At last, the Star Wars cinematic universe has expanded, with the successful experiment Rogue One (subtitled in the marketing, but not on screen, as “A Star Wars Story”). The first of the so-called Star Wars anthology films, Rogue One takes place mostly in the year or so before the events of George Lucas’ initial 1977 Star Wars film (a.k.a. Star Wars: Episode IV—A New Hope), and it is a time of treachery.
Although Star Wars sprang from the Flash Gordon serials like Athena sprang from the head of Zeus, Lucas’ space operas share with his Indiana Jones franchise a fascination with WWII lore, with Rebels (Allies) versus “the Empire” (the Nazis and Axis powers). Star Wars took direct inspiration from the behind-enemy-lines "men on a mission" pictures of his youth, like 1955’s The Dam Busters and 1961’s The Guns of Navarone. And so, in more ways than one, Rogue One brings us full circle, to where Star Wars began. In its murkier moral tone, Rogue One perhaps best resembles the next wave of WWII action-suspense pictures of the 1970s (including Force 10 from Navarone, with none other than Harrison “Han Solo” Ford).
And so this new Star Wars picture, directed by Gareth Edwards (Monsters, Godzilla), concerns a scrappy band of heroes and anti-heroes, "spies, saboteurs, assassins" of the Rebellion on their own behind-enemy-lines missions to resist the Empire. Word is that the Empire—under the leadership of Darth Vader (again voiced by James Earl Jones), Governor Tarkin (a CGI recreation of Peter Cushing), and Orson Krennic (Ben Mendelsohn)—has begun construction on “a planet killer,” the now-infamous Death Star.
The Rebel Alliance recruits Jyn Erso (Felicity Jones), daughter of Imperial science officer Galen Erso (Mads Mikkelsen), to reach out to grizzled Clone Wars veteran Saw Gerrera (Forest Whitaker). The Rebels hope that Saw will provide the means to find Galen and thereby learn of the Empire’s plans. Jyn doesn’t much care about all of that: she’d just like to see Dad again, who was ripped from her, in girlhood, by the Empire in the person of Krennic. (Whitaker gets to kick off the film proper with the self-reflexive line "We have a long ride ahead of us," especially a truism for those who never saw the appeal of Star Wars.)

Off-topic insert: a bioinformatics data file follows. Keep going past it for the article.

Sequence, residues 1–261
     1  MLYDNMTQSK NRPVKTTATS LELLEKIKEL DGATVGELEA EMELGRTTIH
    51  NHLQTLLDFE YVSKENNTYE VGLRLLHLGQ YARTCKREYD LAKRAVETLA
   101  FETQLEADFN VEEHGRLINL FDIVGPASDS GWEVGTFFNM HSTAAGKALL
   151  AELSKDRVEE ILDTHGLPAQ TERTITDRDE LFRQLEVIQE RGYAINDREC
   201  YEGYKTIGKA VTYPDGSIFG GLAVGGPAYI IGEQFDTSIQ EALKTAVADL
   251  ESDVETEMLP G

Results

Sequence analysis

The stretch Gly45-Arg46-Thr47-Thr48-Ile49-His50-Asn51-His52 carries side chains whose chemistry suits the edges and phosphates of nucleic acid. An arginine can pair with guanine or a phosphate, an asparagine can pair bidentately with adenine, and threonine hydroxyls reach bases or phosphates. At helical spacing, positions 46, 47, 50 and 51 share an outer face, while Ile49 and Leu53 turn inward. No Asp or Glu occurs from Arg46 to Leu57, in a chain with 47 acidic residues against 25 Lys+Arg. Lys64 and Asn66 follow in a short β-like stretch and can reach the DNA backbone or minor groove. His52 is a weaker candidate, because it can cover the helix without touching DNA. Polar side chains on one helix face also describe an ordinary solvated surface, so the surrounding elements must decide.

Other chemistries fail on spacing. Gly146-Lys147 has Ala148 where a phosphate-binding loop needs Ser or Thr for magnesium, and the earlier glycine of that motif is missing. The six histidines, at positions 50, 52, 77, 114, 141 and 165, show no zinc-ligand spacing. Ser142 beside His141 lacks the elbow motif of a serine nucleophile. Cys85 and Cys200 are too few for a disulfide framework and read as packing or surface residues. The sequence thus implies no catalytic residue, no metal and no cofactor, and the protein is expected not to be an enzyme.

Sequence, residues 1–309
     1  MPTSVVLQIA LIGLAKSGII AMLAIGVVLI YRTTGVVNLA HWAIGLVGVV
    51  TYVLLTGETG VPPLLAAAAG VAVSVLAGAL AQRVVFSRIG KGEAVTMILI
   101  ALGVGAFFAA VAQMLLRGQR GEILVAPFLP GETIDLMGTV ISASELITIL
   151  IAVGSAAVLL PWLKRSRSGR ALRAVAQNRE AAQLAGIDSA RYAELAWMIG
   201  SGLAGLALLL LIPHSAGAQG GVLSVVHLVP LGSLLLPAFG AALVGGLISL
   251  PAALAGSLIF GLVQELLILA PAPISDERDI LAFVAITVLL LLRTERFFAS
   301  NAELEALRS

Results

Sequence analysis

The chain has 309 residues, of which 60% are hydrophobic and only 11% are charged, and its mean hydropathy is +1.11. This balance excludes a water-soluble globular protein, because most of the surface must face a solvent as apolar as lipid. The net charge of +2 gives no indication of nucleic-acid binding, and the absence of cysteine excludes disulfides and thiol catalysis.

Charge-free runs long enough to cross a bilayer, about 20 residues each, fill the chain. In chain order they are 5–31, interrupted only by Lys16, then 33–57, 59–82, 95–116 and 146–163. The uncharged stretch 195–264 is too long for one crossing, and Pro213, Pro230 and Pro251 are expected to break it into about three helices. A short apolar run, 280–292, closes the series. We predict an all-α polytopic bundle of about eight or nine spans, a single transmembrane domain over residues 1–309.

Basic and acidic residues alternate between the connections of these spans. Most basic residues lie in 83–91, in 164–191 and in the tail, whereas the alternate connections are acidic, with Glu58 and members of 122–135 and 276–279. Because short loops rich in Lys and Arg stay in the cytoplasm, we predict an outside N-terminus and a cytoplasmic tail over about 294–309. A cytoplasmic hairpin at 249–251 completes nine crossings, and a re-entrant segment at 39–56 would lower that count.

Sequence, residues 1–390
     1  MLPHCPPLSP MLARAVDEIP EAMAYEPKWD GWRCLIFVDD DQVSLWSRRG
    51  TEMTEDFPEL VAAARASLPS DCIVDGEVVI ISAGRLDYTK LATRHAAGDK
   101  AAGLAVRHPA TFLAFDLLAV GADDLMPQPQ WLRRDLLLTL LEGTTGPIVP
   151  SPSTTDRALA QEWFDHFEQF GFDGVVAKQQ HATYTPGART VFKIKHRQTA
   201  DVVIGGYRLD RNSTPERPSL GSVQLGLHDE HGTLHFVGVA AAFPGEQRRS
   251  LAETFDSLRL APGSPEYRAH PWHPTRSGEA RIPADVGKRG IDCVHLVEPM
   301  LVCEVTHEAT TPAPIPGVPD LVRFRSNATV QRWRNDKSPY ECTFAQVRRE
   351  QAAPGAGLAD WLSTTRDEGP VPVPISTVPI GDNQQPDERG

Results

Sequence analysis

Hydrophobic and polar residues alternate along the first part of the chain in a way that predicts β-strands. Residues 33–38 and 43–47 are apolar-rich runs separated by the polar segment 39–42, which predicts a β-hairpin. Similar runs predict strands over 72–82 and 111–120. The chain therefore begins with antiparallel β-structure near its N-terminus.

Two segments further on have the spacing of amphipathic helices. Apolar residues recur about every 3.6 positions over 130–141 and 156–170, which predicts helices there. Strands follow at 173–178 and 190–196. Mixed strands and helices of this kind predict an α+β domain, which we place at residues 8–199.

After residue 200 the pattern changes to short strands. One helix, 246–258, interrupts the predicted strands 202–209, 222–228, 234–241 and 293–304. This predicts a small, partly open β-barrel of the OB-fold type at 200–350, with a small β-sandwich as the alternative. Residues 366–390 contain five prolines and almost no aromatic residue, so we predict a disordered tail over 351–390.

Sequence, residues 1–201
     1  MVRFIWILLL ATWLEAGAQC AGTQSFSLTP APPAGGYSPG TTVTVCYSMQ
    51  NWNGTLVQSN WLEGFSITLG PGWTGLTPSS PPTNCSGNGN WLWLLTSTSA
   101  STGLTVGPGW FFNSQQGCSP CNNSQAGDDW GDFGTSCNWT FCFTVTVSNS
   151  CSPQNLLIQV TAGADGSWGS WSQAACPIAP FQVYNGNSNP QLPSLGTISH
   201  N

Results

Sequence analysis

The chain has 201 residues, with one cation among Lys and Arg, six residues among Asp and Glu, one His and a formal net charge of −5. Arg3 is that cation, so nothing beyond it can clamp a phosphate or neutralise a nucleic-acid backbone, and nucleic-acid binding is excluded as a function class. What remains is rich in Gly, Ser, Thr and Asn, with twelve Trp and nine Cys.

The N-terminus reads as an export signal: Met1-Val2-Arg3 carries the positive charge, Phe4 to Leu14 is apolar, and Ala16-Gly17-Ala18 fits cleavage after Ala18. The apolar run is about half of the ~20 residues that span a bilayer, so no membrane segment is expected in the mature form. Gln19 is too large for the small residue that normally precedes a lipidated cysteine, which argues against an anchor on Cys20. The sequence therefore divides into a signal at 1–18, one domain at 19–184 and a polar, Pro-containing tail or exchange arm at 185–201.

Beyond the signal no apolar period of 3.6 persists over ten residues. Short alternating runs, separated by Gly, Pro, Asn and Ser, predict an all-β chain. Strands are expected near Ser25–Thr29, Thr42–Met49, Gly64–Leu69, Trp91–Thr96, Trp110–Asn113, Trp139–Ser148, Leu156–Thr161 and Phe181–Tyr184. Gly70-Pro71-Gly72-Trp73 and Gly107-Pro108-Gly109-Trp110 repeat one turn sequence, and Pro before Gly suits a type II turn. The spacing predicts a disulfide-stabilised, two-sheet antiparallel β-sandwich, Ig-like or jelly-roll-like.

And so, off she goes, a sister whose multicultural band of brothers comes to include Captain Cassian Andor (Diego Luna); the probability-calculating, reprogrammed Imperial droid K-2SO (voice of Alan Tudyk); Force-worshipping blind swordsman Chirrut Îmwe (Donnie Yen, doing his best space-Zatoichi) and his assassin buddy Baze Malbus (Jiang Wen); and turned Imperial pilot Bodhi Rook (Riz Ahmed). And at least six familiar faces from earlier Star Wars films play small roles or make cameo appearances, just one reason why Rogue One will give die-hard Star Wars fans multiple orgasms.
Another reason can be found in the “Story by” credit, shared by Gary Whitta (The Book of Eli) and John Knoll. Knoll’s name stands out, as this is the first writing credit for the prominent ILM visual effects supervisor. Although the screenplay credit belongs to Chris Weitz (About a Boy) and Tony Gilroy (the Bourne films), Knoll’s placement emblematizes the film’s true raison d’être: to give us X-wings dogfighting with TIE fighters, stage laser-gun fights, and bust out everything from Star Destroyers to AT-ATs to, yep, a lightsaber. Rogue One runneth over with Star Wars spectacle.
Not that there’s anything wrong with that, except that Rogue One's foregone conclusion of a story would work better if it spent more time warming up the emotional connection to its characters and sharpening up its moral relativism—although the sunny theme of "a new hope" admirably comes at a price. The earlier Star Wars films retain an advantage over this one in letting the action breathe enough for us to feel we’re getting to know the characters (even when they’re empty vessels). In this respect, Rogue One feels a bit claustrophobic, and Jyn Erso a bit remote, in spite of her daddy issues and arc of moral awakening.
That last point—and the characters’ lack of our knowledge that their mission to steal the Death Star plans cannot fail—gives the film some weight. Here is a world in which taking a moral stance is imperative, a theme as evergreen as war itself (and politics, for that matter). If at times Rogue One is a movie so busy (and subject to such extensive reshoots) that it seems to have driven itself to distraction, it is also a film that sticks its landing, with a one-two punch of its climax (including Death Star mushroom clouds that help blur the moral lines of the WWII analogue) and resolution (Darth Vader getting a swift, kick-ass action sequence). (Silicon Valley audiences may, by the way, get an extra kick from knowing that even Rebels get frustrated by file sizes too big to transmit with ease.)
It's Star Wars, so it's graded on a curve, and it's unfortunate that Edwards' vision for the film appears to have been diluted by here-and-there corporate pandering. But let's face it: this is a movie to see—and hear—big and now. Add a stylish Michael Giacchino score (after John Williams), Edwards' eye for detail (rain spattering on a laser-gun sniper rifle), and the kind of expansive world-building production-design The Force Awakens ceded to pure nostalgia, and you get a Star Wars film that looks to the future while taking us once again to the “long time ago, in a galaxy far, far away” past.